Legal and Linguistic Hurdles for Indigenous Communities in Purchasing Their Own Lands
Many indigenous communities lack legal representation in their native tongues. These communities are losing native speakers; both due to younger generations who have chosen to learn the dominant language of their country as opposed to their indigenous tongue and the passing away of elderly native speakers without proper linguistic preservation of their indigenous mother tongues. Indigenous language speakers may also feel ashamed to speak their mother tongue and therefore raise their children to speak the dominant language so they do not face racism and prejudice. As a result of the stigmatisation of these tongues, many people choose not to learn them and instead favour learning languages that are excellent for business, such as Chinese or German, or languages with a heavy literary and cultural background such as French.
All of this compounds to make it challenging for speakers of indigenous languages to hire external translators within the legal sector who have an accurate and thorough understanding of their mother tongues and can assist them in the necessary ways. Indigenous languages that are more widely spoken and integrated into public and private spheres are far easier to hire translators for, whereas indigenous languages with few speakers such as Chol, which spoken in parts of Southern Mexico, are met with more difficulties in hiring interpreters.
However, there are companies that aim to help resolve these issues. CIELO, a nonprofit based in Los Angeles, is trying to bridge this gap between indigenous speakers and people who cannot communicate with them in their native tongue. CIELO was founded by Odilia Romero and they hold virtual trainings for interpreters of indigenous languages. Some sessions target the arduous task of translating “legal jargon” - an example of which is the phrase “legal alien.” This poses problems in Zapoteco as there is no direct translation of “alien” in this language. In 2021, CIELO organised for more than four thousand interpretation assignments within both the legal field and other areas to be conducted for clients in New York. However, there remain further obstacles for indigenous communities in the legal sector.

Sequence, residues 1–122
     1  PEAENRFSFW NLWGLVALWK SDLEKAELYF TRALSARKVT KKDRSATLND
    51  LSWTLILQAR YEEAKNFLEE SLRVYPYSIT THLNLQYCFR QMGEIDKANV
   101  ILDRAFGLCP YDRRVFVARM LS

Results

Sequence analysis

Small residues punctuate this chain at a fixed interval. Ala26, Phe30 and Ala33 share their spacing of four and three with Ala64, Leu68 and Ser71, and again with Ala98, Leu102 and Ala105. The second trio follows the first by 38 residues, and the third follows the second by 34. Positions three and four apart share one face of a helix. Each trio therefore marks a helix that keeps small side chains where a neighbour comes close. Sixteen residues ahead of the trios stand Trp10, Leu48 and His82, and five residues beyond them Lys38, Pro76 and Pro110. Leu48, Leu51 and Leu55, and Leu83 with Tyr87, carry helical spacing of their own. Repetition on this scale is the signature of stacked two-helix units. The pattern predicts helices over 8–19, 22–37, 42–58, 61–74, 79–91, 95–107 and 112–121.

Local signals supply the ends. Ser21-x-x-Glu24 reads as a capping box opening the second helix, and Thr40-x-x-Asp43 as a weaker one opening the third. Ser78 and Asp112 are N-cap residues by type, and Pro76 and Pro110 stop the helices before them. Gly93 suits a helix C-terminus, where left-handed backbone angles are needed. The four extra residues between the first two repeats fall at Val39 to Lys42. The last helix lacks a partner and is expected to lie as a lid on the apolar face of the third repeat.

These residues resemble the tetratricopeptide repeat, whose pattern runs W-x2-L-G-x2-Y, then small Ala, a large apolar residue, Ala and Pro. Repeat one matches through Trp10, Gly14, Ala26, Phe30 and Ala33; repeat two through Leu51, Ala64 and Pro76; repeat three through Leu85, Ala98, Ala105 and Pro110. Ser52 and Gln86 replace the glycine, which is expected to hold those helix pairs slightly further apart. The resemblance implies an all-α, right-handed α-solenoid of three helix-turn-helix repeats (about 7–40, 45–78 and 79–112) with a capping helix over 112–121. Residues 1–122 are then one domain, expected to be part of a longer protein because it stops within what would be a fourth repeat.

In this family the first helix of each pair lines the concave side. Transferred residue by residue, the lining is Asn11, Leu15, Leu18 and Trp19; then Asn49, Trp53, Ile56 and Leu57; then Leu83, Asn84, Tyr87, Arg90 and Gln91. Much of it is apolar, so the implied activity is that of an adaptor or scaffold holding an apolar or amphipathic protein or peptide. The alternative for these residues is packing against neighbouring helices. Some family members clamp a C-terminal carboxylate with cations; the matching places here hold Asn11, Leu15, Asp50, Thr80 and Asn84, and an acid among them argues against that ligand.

A language can open doors to new worlds, expand our horizons and minds and delve into the inner psyche of a nation. It can be viewed as a blessing to have a strong command of one’s own native tongue but also a curse in the possibility of being ostracised from wider society. Many indigenous groups experience racism and hate when speaking their mother tongues, and indigenous languages can further isolate speakers from other communities and make them feel separate from others in society.
Many of these communities have animistic beliefs, meaning they feel a powerful spiritual and emotional connection to the land they live on. Not only are their lands connected to their world view and human experience but lands can retain cultural memories and contain locations that may be used to carry out cultural rituals. These lands are the ancestral birthright of indigenous communities and people, significant in both the present and as a powerful, tangible link to their ancestors and their collective past.
It is therefore significant that one sector in which indigenous groups face translation problems is regarding land ownership and its legal battles. 2.5 billion people, including 370 million indigenous people, depend on land and natural resources. 50-65 percent of the world’s land is occupied and used by indigenous peoples, yet only 10 percent of this land is legally owned by indigenous peoples. Specific indigenous peoples and case studies will be considered to highlight this global issue.
In South America, many indigenous forest groups in Peru struggle to obtain legal permits for land. For them to claim the land as legally ‘theirs’ they must navigate 27 bureaucratic hurdles to obtain an official government permit. Not only is this an arduous process, but it can be financially challenging as well as these communities must pay for potentially costly interpreters.
The injustice in this system is clear. It took 12 years for the Alto Tamaya-Saweto social group to officially obtain a land title from the government. Four of their leaders were murdered over this matter. In juxtaposition to this, logging and mining companies can obtain permits within a couple of months and have a maximum of seven administrative steps in this process. The fact that these companies who obtain permits easily often carry out deforestation on indigenous lands puts greater pressure on indigenous communities to legally claim ownership of their land as quickly as possible.